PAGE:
Magazine article The Spectator

High Life

Magazine article The Spectator

High Life

Article excerpt


A neutron bomb hit this place just as I got off the aeroplane, killing all humans but leaving the buildings standing. It was a horrid, unpardonable crime, and for it I blame the scientists. But not for the reasons you think.

They should have done it the other way round. Kill the buildings, save the humans, however brain-dead they are in Orlando.

I knew we were in trouble the moment I deplaned. There were five of us, two competitors and three coaches. We were in Orlando for the US national judo championships, yours truly defending champion in the 70 and over class. The neutron-bomb landscape was the first thing I noticed after we hired a van at the airport from a woman so dumb she made ugly lower-middle-class female Guardian writers sound like intelligent parrots.

The sterility of the place is the first thing that hits you. We had established a male locker-room atmosphere on the plane, and it continued as we drove into a city lined with crappy food joints, junk-selling megastores and other horrors too terrible to describe in the elegant pages of The Spectator. Consumption is the order of the day, although we saw no humans, just a lot of minivans gliding endlessly through the flat, hot, humid, unbearably sticky air.

There are roadside motels, gas stations, and diners interspersed with some faux-gothic monsters of incredible ugliness that pass as tourist attractions. There is even an upsidedown Greek temple - I kid you not - one of recent construction. The oldest building in Orlando is three years old. Despite the jokes among us - blonde, 3 o'clock - the place gets to you in no time. A Roman temple with hamburgers as pediments, a Gothic pile with ice-cream cones as pillars, a McDonald's Monet tableau of cheap gaudy houses beckoning us in a 'come-hither and spend a few bucks' manner. We debated whether it was better to live in Orlando or die back in New York. The latter won hands down.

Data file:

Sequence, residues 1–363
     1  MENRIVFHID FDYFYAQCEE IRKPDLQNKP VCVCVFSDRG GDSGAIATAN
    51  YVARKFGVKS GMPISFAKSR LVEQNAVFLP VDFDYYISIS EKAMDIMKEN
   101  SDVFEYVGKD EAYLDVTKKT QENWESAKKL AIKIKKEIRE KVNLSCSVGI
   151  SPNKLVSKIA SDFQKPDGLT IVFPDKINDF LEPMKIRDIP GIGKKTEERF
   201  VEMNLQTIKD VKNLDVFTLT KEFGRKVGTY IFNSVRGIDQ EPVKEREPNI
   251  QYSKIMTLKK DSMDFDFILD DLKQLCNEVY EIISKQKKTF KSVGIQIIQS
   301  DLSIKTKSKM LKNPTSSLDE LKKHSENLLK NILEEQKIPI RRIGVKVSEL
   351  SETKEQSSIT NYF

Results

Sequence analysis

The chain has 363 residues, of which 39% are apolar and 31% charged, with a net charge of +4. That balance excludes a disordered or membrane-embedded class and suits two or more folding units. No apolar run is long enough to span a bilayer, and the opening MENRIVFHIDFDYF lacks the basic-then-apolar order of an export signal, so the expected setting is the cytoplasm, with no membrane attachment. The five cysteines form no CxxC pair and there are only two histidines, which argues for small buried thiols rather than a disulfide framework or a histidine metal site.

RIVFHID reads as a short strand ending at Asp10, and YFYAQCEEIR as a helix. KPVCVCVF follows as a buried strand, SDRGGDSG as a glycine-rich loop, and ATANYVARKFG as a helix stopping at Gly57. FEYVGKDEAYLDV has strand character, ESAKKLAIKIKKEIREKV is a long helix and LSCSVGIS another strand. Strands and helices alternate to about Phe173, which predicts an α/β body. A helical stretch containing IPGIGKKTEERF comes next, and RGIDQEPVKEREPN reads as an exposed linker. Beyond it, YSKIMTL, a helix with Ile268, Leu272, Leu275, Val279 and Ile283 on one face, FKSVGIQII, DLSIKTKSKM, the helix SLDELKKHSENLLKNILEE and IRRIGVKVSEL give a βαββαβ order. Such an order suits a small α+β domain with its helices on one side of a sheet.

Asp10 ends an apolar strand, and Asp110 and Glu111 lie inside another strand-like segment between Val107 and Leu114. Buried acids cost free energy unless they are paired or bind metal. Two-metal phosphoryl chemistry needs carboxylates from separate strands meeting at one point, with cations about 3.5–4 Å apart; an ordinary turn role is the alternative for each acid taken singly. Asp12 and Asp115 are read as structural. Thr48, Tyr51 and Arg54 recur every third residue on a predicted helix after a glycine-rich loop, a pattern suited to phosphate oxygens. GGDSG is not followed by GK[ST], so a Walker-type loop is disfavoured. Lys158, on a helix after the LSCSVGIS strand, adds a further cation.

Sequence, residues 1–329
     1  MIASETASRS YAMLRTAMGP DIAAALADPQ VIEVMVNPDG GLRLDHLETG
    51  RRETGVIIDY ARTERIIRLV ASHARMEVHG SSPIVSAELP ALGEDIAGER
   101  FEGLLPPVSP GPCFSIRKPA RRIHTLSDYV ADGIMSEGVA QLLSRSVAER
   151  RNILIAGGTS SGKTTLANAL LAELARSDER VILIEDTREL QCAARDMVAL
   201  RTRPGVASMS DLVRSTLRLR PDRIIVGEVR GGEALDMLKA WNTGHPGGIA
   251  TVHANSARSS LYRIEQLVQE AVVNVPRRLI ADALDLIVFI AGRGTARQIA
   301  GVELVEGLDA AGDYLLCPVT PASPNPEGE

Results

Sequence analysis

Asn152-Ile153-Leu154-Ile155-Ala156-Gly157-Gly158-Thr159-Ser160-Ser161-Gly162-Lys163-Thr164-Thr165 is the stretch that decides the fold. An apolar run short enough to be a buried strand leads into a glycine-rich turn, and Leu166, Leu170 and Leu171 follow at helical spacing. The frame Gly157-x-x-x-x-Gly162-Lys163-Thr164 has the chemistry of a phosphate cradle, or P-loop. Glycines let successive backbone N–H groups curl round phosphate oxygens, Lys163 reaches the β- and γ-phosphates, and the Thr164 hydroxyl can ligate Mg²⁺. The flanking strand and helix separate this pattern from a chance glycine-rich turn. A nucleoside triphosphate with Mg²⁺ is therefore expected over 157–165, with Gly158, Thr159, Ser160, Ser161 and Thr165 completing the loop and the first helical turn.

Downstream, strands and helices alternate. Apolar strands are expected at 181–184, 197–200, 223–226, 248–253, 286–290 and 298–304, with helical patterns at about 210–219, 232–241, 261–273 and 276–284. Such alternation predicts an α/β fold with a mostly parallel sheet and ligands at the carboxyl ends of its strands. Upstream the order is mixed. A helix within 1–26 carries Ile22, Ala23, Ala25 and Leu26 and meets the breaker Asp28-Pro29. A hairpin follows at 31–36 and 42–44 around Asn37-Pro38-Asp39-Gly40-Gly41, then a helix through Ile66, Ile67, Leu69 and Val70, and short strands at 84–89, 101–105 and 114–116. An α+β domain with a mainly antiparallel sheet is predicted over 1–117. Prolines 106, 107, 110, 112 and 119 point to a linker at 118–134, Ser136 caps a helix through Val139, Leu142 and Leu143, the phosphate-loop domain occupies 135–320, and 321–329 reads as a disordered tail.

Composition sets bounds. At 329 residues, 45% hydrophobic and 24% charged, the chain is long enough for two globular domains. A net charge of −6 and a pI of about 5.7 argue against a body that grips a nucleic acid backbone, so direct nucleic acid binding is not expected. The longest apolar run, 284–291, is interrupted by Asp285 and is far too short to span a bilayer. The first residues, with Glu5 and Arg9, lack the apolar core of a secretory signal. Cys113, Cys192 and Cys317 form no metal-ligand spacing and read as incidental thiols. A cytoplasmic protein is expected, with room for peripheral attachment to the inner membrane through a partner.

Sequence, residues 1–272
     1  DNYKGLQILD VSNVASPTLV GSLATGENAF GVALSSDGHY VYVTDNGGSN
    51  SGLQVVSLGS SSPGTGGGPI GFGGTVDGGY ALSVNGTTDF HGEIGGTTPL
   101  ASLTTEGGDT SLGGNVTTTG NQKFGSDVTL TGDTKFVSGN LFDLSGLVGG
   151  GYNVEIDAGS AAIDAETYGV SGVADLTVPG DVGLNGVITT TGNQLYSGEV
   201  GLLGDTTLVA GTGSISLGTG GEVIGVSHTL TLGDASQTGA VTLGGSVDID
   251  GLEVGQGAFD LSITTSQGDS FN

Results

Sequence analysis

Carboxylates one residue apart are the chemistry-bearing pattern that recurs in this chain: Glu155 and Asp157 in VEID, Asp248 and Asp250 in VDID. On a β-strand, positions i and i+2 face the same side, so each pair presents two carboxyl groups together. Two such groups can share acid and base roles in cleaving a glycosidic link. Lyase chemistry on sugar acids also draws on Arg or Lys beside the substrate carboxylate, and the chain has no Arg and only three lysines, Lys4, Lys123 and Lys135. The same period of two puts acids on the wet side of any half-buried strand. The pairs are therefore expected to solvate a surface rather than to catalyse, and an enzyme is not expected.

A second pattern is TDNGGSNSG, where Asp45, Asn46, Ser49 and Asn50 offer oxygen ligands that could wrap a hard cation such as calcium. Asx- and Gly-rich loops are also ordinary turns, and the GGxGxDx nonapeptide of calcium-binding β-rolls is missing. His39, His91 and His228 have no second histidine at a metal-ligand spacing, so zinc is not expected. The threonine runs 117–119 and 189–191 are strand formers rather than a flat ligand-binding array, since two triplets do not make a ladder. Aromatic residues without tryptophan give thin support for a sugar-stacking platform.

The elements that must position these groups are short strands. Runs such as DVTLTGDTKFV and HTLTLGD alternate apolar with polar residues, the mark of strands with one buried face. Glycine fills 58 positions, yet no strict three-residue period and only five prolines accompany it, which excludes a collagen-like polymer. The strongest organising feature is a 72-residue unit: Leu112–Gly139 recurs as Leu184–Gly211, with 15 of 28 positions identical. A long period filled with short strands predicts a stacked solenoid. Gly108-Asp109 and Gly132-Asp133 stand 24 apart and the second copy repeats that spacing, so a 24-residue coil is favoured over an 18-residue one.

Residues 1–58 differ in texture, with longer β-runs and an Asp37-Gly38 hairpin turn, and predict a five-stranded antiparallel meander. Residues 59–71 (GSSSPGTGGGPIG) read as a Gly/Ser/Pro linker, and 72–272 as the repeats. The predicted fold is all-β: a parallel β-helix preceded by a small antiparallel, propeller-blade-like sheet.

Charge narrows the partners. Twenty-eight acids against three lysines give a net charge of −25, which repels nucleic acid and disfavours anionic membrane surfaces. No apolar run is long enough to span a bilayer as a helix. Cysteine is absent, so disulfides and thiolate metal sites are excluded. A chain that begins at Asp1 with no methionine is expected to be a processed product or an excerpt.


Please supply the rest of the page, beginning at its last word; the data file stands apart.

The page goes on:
'This place is haunted by unsold hotdogs, ' said the intellectual of our group, Mark Brennan. 'A Cecil B. DeMille set on acid, ' said the coach Teimoc Johnston-Ono.

'I'd rather be back in Uzbekistan, ' was Alisher's contribution. Bryan, the US university national champion, said little, but being a student he threw in a reference about sterility and Lady Chatterley's hubby, the cockold being fecund by comparison to Orlando.

Yes, I did win the gold, but most of my opponents died natural deaths during the contests. Next month I will be in Germany, for the world masters championships, and it will be much, much tougher. Judo Rommels and Guderians will face the poor little Greek boy for the last time, as I've decided to throw in the towel. …

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